Can I use tools like AntConc and Wordsmith and produce decent results when analyzing languages like French, German or Spanish?

Would it deal with special symbols like "à", "ü", "ß", "ç" and similar letters not present in English?

Would it deal with morphological diversity, and when counting words, would it know that the pair "parle" and "parlons", or, "Mann" and "Männer" have actually the same root each?

What other problems would I need to deal with?

3 Answers 3


I believe Wordsmith 3+ works fine, and in the case of Antconc special characters will sometimes mess when using Concordancer. for the second question you can use the lemmatizer in Antconc.

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    I don't understand the negative point. Commented Jan 7, 2016 at 21:51

These are two separate questions.

  1. Will AntConc and Wordsmith deal with characters not present in English (sometimes referred to as non-ASCII)? This is really a question about encoding of text (not language). AntConc supports unicode UTF-8 which means it should deal with any script. WordSmith only supports a limited subset which means that texts in non-Latin scripts will have to be converted. But none of the examples you give will present any problems. This is a relatively easy issue to resolve depending on the encoding of the texts you provide.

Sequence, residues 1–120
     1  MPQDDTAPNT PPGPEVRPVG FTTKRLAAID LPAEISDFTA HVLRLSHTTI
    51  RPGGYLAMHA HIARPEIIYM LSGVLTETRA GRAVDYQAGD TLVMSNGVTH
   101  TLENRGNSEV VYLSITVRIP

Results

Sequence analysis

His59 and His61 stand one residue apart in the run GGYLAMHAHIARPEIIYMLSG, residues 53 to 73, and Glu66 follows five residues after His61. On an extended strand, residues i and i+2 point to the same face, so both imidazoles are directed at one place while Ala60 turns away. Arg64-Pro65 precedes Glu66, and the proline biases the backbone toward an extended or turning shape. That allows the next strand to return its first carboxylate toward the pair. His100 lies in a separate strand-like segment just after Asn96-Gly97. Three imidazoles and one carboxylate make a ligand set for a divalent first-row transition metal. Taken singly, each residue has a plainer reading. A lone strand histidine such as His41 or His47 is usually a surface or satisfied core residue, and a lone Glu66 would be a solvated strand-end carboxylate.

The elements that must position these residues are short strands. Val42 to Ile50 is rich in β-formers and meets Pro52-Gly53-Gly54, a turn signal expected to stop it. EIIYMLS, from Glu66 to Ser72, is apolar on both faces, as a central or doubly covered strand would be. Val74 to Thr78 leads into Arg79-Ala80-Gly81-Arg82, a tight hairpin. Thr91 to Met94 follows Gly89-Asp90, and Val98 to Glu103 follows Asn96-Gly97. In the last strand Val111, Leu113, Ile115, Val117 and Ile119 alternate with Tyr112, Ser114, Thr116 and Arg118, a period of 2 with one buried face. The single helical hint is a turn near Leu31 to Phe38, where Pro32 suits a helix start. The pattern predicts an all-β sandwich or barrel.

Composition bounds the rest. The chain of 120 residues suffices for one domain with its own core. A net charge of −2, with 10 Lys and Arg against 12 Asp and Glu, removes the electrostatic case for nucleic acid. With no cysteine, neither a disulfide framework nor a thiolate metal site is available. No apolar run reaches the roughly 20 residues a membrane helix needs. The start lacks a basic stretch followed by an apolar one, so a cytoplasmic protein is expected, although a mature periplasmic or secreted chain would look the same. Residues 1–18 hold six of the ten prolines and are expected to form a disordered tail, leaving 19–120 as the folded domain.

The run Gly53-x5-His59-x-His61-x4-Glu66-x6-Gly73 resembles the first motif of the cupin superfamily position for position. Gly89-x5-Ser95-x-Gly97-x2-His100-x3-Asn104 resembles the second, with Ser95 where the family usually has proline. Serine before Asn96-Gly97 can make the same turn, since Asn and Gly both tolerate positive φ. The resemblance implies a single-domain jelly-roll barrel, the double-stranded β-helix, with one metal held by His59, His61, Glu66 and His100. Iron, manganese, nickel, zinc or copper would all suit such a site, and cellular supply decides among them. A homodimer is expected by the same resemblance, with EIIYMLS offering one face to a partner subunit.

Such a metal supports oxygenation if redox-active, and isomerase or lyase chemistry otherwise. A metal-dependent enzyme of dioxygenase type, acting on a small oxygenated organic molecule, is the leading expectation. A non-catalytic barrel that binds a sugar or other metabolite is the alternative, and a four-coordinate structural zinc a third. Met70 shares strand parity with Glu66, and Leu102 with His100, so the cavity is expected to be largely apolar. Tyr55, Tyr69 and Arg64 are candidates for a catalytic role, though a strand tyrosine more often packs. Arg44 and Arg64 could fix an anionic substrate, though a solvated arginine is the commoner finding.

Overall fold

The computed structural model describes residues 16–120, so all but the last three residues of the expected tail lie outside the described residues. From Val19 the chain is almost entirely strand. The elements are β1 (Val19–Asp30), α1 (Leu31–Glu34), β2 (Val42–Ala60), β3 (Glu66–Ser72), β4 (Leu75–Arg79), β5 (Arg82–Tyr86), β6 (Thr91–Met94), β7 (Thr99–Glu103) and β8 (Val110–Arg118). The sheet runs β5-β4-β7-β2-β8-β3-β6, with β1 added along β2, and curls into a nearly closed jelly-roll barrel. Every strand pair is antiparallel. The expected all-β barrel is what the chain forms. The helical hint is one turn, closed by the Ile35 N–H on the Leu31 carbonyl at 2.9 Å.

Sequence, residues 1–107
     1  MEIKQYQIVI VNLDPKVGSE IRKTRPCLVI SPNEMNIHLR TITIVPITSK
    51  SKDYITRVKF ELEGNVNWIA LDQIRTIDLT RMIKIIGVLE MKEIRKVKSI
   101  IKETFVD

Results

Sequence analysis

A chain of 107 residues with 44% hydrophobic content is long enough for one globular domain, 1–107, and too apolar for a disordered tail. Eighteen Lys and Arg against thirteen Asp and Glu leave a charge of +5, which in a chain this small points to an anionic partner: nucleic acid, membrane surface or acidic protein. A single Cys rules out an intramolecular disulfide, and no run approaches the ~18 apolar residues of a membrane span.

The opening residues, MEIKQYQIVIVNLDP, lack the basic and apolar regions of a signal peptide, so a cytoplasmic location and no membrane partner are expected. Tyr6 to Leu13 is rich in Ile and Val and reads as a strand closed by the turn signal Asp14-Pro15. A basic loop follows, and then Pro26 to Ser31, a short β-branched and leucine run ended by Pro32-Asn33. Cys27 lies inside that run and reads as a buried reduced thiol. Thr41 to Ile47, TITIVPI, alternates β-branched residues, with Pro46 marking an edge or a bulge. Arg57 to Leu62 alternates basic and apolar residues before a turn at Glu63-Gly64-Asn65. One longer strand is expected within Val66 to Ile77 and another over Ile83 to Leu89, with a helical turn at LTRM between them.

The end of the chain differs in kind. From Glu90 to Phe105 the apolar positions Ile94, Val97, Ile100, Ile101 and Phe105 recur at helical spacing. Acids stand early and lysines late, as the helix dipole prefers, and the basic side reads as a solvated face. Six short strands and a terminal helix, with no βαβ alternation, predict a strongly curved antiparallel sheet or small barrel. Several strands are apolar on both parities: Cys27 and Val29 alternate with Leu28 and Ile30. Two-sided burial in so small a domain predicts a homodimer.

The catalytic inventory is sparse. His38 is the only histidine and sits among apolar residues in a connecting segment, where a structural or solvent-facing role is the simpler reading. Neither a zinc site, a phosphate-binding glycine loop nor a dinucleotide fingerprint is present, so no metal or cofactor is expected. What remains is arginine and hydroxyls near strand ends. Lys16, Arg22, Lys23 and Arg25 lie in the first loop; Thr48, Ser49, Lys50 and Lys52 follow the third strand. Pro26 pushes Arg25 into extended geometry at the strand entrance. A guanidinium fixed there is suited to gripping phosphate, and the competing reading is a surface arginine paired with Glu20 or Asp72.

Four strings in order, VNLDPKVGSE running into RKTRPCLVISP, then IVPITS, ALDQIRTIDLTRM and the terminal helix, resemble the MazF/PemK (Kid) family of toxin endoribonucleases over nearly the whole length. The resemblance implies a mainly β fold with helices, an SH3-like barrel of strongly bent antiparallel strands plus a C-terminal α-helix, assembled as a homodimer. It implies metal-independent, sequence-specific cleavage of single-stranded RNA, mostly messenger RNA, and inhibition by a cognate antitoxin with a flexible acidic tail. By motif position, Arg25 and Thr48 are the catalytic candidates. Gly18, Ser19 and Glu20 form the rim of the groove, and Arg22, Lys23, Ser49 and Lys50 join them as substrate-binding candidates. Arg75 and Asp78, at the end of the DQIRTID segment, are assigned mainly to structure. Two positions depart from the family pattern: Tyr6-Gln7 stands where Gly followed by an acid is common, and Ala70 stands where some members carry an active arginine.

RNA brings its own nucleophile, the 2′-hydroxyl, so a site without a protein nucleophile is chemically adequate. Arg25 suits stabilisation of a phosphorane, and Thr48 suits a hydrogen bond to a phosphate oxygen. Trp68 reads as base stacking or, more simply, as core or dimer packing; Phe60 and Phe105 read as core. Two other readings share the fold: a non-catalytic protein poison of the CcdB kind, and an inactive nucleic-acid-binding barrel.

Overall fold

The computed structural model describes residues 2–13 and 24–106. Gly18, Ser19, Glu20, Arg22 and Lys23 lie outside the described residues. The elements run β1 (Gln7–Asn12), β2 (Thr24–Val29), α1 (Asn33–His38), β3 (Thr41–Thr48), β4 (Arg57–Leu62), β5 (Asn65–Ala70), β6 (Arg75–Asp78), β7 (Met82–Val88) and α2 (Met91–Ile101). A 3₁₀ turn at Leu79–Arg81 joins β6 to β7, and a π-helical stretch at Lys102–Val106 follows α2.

2. The question about dealing with morphology is one of lemmas (which are essentialy word stems without any inflection). Both Wordsmith and AntConc support lemmas but you will have to provide a lemma list for each language. There are guides online on how to do it and a pre-made lemma list for English also exists. A good source for data for generating a lemma list for other languages are the many open source spell checks - but it will require work and coding to create those.


AntConc works very well with non-English languages, including European languages, Japanese, Korean, Chinese, as well as right-to-left languages such as Arabic and Hebrew.

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